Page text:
Allergic reactions may occur, but the incidence is low compared with the volume of prescriptions. These reactions consist of conjunctivitis, keratitis, palpebral and periocular eczema. Aminoglycosides are considered to be highly sensitising. Modifications of the saprophytic flora by antibiotic treatment and selection of resistant strains may occur.
Antibiotics in eyedrops or ointment can also induce systemic adverse effects. Systemic chloramphenicol, for example, is haematotoxic, but this general toxicity can also occur after administration via the ocular route. Chloramphenicol causes two types of bone marrow toxicity, one that is a dose-related, reversible depression generally affecting erythroid cells, and another, generally fatal, consisting of an idiosyncratic reaction affecting all three cell lines. Ocular chloramphenicol likely causes this idiosyncratic reaction in genetically predisposed patients only.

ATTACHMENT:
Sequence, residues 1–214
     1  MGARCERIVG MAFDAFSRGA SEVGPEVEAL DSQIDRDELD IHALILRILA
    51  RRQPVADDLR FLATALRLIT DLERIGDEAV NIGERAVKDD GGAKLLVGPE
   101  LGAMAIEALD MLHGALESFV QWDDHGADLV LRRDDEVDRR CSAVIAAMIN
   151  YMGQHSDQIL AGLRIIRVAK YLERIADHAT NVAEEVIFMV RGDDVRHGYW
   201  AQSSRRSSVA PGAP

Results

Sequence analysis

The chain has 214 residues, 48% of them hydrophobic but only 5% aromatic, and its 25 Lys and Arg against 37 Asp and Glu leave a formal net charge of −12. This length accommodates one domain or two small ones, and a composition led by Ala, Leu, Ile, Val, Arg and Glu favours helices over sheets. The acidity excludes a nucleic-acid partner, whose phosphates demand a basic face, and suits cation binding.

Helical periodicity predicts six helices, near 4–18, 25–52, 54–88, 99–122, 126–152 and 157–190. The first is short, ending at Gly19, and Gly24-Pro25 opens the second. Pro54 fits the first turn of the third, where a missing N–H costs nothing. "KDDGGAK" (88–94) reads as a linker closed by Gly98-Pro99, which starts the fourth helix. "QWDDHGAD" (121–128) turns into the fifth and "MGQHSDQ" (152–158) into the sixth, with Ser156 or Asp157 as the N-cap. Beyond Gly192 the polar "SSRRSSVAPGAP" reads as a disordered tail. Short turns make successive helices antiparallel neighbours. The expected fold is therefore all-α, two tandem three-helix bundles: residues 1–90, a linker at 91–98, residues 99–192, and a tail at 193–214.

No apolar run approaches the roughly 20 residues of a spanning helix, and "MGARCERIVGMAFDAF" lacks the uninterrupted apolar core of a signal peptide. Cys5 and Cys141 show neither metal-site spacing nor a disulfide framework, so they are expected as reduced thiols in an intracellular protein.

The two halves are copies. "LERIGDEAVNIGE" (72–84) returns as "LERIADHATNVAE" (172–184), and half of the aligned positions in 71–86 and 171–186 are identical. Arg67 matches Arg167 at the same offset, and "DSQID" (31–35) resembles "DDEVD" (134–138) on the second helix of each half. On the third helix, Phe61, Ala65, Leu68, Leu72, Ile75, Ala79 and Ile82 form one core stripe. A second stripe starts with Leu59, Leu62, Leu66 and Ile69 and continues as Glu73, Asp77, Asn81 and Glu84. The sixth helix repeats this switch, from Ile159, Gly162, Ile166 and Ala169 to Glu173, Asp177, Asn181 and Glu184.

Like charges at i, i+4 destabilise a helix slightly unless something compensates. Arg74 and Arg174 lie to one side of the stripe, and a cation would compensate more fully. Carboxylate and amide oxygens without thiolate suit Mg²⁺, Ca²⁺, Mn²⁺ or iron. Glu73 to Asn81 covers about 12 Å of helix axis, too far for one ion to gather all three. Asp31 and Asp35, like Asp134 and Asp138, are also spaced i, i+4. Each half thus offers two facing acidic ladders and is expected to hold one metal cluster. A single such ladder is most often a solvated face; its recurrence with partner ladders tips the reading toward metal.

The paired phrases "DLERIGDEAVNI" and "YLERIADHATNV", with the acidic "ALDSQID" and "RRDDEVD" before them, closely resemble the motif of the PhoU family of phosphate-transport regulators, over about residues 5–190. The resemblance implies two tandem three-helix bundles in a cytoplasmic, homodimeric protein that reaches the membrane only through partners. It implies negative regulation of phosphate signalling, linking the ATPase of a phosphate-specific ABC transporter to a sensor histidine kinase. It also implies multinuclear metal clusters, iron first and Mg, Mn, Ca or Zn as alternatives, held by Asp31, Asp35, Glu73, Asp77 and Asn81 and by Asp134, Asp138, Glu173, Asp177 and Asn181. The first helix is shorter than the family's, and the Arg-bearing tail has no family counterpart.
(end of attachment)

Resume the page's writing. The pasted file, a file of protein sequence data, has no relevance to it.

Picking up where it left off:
The overall risk of developing aplastic anaemia after oral administration of chloramphenicol is 1:30,000–1:50,000, which is 13 times greater than the risk of idiopathic aplastic anaemia in the whole population. Since topical administration achieves systemic effects by absorption through the conjunctival membrane or through drainage down the lacrimal duct with eventual absorption from the gastrointestinal tract, the risk may be similar to that after oral administration of the antibiotic. Based upon two case-control studies, a cohort study and a systematic review estimated the incidence of blood dyscrasia due to chloramphenicol eyedrops to be 1:100,000 patients. However, it remains difficult to justify the use of this drug to patients, as other antibiotics for use in the eye are available. In the USA, the Physician’s Desk Reference emphasises, with repeated warnings, the importance of not using ocular chloramphenicol unless there is no alternative, and this warning should be respected on both sides of the Atlantic.